‘They may not agree with my opinions, but it is important to voice them’

The NGO has trained youngsters from marginalised sections to conduct study on topics that “affect their life”.

Written by Tanushree Venkatraman | Mumbai | Updated: August 15, 2015 3:43 am
A group of Barefoot Researchers during a meeting at the PUKAR office in Bandra. Pradip Das A group of Barefoot Researchers during a meeting at the PUKAR office in Bandra. Pradip Das

Like any other curious teenager, Kaushik Koli questioned his parents when he saw a condom ad on television. His questions, however, were only met with restrained eyes and silent glances by his family, killing his curiosity. “Forget thinking about topics related to gender or sexuality, we were never even aware of these terms. The best option was to just remain quiet when these advertisements played. Even with friends, we would only joke about these things,” says Koli.

For a boy who decided to exercise self-control on his thoughts related to sexuality, writing a research paper on “Mumbai ke yuvako main Mardangi ki soch banane aur badhane wale ghatko ka abhyas (A study on events that shape the concept of masculinity among boys in Mumbai)” has been a path-breaking experience. Koli now looks at research not only as a means to understand the society’s thought-process but also as a right to express what affects his life and surroundings. “I have now started arguing with my parents on a variety of concepts. It is difficult to change their mindset, but I have a chance at least,” he says.

Like 65 other students, Koli is a ‘Barefoot Researcher’ with a city-based organisation PUKAR (Partners for Urban Knowledge, Action and Research). The NGO has trained youngsters from marginalised sections to conduct study on topics that “affect their life”.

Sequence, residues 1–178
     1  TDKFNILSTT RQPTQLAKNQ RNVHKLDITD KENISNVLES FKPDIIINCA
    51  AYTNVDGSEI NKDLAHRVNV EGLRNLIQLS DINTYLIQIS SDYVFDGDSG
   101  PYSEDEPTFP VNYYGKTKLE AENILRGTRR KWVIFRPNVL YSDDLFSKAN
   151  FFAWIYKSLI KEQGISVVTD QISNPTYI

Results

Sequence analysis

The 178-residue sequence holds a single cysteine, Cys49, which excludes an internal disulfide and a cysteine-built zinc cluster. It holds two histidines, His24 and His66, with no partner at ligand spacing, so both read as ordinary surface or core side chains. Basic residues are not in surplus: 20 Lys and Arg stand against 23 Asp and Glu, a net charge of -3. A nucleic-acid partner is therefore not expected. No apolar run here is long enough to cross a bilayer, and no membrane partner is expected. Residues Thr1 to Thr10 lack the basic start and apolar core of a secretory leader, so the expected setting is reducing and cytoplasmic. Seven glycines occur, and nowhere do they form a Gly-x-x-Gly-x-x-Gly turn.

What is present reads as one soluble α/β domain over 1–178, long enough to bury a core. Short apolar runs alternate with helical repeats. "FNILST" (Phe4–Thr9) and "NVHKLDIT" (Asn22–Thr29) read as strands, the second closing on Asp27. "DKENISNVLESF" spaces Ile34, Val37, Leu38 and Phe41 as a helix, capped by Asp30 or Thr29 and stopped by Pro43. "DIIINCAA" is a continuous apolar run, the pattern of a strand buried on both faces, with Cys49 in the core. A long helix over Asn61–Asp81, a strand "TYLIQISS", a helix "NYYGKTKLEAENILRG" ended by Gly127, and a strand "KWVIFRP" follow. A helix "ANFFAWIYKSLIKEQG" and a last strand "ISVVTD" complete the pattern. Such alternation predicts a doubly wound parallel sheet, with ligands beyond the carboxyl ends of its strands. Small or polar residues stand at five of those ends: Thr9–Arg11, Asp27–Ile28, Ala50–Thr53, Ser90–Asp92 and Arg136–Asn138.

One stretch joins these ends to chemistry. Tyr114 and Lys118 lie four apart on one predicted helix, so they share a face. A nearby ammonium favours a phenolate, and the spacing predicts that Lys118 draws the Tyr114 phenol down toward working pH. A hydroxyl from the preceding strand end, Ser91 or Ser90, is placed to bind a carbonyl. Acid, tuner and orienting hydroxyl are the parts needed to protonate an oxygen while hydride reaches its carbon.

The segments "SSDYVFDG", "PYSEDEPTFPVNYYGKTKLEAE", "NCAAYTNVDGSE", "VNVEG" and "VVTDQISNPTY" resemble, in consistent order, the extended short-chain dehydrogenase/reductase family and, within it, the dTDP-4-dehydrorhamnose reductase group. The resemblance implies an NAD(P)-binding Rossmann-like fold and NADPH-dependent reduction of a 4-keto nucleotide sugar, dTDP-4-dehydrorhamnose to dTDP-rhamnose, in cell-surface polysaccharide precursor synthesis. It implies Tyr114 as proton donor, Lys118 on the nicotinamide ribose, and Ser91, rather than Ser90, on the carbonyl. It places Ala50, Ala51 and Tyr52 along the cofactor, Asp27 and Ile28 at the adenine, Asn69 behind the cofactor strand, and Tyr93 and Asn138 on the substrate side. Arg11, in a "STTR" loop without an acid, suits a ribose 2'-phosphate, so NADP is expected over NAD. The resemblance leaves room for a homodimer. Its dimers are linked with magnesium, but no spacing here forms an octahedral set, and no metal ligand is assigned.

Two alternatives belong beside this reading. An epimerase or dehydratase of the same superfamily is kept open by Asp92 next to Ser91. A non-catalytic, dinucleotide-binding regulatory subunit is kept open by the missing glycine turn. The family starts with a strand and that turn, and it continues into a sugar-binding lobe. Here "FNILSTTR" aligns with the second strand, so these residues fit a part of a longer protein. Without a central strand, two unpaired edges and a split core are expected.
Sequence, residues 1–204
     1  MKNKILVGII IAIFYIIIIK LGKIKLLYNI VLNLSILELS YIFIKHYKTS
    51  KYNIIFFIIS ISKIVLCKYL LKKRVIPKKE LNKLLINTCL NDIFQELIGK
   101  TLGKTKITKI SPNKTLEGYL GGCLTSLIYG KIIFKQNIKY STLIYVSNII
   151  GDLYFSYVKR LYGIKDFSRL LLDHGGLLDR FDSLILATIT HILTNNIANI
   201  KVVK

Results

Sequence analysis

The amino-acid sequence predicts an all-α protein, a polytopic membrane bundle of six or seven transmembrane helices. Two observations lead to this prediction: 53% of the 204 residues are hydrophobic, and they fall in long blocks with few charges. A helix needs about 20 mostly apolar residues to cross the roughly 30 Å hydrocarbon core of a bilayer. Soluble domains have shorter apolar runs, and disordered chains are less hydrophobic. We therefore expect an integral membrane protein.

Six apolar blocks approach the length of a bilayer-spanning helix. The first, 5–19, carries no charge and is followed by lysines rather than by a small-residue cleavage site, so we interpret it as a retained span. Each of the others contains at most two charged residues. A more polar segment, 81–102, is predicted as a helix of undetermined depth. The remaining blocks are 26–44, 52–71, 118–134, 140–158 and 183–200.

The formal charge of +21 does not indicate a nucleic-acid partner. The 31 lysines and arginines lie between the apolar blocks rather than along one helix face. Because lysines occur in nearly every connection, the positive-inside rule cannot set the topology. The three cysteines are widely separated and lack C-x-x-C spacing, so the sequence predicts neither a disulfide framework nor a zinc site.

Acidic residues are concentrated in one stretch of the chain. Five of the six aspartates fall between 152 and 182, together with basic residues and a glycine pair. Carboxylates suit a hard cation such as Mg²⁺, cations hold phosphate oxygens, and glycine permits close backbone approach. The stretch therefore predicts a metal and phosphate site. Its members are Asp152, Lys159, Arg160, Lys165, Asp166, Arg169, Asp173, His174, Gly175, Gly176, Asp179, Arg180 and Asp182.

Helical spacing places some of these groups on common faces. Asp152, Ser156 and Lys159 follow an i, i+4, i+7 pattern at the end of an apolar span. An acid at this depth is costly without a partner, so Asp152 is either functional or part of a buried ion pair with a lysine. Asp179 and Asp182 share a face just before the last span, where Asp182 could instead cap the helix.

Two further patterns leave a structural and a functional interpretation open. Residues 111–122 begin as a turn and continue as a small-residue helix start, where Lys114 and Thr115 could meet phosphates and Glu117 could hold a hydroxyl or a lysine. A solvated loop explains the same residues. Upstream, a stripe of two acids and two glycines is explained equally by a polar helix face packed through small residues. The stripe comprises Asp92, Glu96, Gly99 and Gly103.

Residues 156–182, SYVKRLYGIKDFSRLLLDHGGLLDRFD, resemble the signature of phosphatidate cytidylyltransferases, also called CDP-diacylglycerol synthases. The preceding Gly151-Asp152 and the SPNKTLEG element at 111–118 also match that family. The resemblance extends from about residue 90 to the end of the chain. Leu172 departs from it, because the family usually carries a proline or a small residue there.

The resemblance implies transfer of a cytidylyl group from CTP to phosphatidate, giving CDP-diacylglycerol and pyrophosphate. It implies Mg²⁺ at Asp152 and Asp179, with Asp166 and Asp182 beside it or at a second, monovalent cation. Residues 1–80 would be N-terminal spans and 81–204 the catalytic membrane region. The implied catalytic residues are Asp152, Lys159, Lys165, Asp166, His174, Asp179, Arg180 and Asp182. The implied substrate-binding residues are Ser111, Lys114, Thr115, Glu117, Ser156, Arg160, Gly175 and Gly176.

Sunil Gangavane, programme facilitator at PUKAR, says, “As a society, we have systematically shut down voices of the marginalised. When we talk of youth empowerment today, is it only related to those youngsters who have digital access? The others also need a platform to break this culture of silence. Their research is what gives them a sense of freedom and liberation.”

Based on the concept of the famous Barefoot Doctors of China, who were minimally trained to provide life-saving services to the poor, the Barefoot Researchers is a similar cadre of youth who are trained to do basic social science research.

Like Koli, several youngsters in the age group of 18-25 years recently conducted very off-beat studies on topics like gender discrimination, difficulties faced by grass-root level social workers, acceptance process of transgenders, challenges faced by single parents, among others.

Another barefoot researcher Vishal Patel’s paper is titled “Kamathipura madhe rahanarya lokanvar Kamathipura ya navane honaraa parinaam (the effects of stigma attached with the name Kamathipura)”. Patel says, “I always thought research is something that is done by doctors or scientists. Now I realise how it is an intrinsic part of everybody’s life.

When I started working on the topic, my mother was very sceptical. But today I have a chance to change thoughts of not only her, but a lot of people around me.”

For these young researchers, writing a paper in a language that they are comfortable with has been a huge bonus. Rajkumari Nimbale, part of the group that wrote on masculinity, decided to write the paper in Hindi.

She says, “When we were studying the earlier papers written on this topic, I used to sit with a English dictionary. I used to practically pause at every word. We then realised that if we write the paper in English, the people who we have interviewed will not be able to read it all. We, therefore, decided to write it in Hindi.” The 22-year-old says that the association with research has been a life-changing experience for her. “I come from a very conservative family where gender roles are very defined. I used to get angry, neglect these biases thinking I cannot argue with the society.

Today, I understand the importance of having a viewpoint. My parents may not agree with most of my opinions, but it is still important for me to voice them. It is liberating,” she said.

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